Daily Collegian April 5, 1978




Collegian Staff

Students staged a sit-in yesterday in front of James Matlack's office to protest his plan to change residency rules in Pierpont dormitory and also to protest a lack of student tenant rights.

Matlack, master-director of Southwest Residential College, was out of his office most of the day at classes and appointments.

At 2 p.m. Matlack stopped into his office in John Quincy Adams dormitory and about 25 students crowded around his door. When he emerged, the protest became emotional.

"You just don't have the right to try and control our living space," one student shouted.

"That is not a power I claim, that is a power my superiors tell me ! have," Matlack said.

Many students said they planned an all-night vigil in front of Matlack's office. A march to Whitmore from Pierpont will be held today at 1 p.m.

Today's protest will focus not only on Pierpont but also on legal rights for dormitory residents.

David Barenberg, a spokesman for the protest, said, "In the past, we have tried negotiating with administrators, but things haven't changed. Conditions have worsened. There are still leaks in the ceilings, still insects in the dorms, still mold in the bathrooms.

"Now they're trying to evict some residents of one dorm. Once it has been done to one dorm, it can be done to any dorm." The Pierpont controversy centered around Matlack's proposal last month limiting residency in Pierpont to freshmen and sophomores this fall.

After originally saying this proposal was final, Matlack said he would consider an alternative plan for strengthening discipline in the dorm. He said the plan would have to be drawn up by the community by room choosing time, which was three weeks away.

A Pierpont committee submitted two proposals to Matlack last week. Matlack said he consolidated and "built on" the proposals, and offered a new proposal to the Pierpont community for a vote.

If the Pierpont community voted down this new proposal, Matlack said his original plan to limit residency to freshmen and sophomores would go into effect this fall.

The new proposal submitted by Matlack contained three sections: Two sections set up a "House Council," which would be a governing body, and a "Judiciary Board" which would enforce the dorm rules.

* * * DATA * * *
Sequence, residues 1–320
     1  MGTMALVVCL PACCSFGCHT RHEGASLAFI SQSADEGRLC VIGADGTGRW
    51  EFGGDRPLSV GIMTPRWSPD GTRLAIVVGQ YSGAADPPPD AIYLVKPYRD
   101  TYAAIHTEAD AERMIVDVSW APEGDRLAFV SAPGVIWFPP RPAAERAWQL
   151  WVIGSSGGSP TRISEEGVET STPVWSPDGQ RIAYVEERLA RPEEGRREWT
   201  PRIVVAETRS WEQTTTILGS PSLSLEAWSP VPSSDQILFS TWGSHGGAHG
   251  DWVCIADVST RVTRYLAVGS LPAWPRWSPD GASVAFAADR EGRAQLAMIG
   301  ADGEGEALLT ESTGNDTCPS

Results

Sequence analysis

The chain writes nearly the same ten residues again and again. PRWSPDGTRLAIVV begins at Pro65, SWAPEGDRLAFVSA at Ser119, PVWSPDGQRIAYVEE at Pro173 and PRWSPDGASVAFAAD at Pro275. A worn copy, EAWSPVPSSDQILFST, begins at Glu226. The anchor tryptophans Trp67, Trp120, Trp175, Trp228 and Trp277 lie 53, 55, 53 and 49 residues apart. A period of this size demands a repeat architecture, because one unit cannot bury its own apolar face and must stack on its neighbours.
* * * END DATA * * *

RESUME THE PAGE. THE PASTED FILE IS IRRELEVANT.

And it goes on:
The dorm rules were spelled out in a "Social Contract" section. Under the proposal any student who wanted to live in Pierpont would have to sign this, and agree to abide by all the enumerated rules.

These rules included rules and regulations listed in University policy, and a clause that reads "Each resident has a duty to prevent and-or report all forms of destructive behavior."

One student called the enforcement of these rules on Pierpont students "capricious and arbitrary." Another student asked, "Why don't people in the other dorms have to sign something like this?"

Matlack said the social contract part of the proposal would be enforced because of "what led to where we are now. The condition of the dorm, and the agreement that improvement is needed."

Students in Pierpont were originally given only until yesterday to vote on Matlack's new, three section proposal, but Matlack and Pierpont head-of-residence Dusty Miller announced last night that room choosing would be put off in Pierpont until Friday.

Matlack said this postponement was "to allow some time to look for some alternative to what seems at the moment to be an impasse."

Lynsey Rzeszut, a spokeswoman for Pierpont, said, "Matlack never negotiates in good faith. We're not going to back down this time."

"It's not that they're listening to us and not responding," said one student. "They're not even listening."

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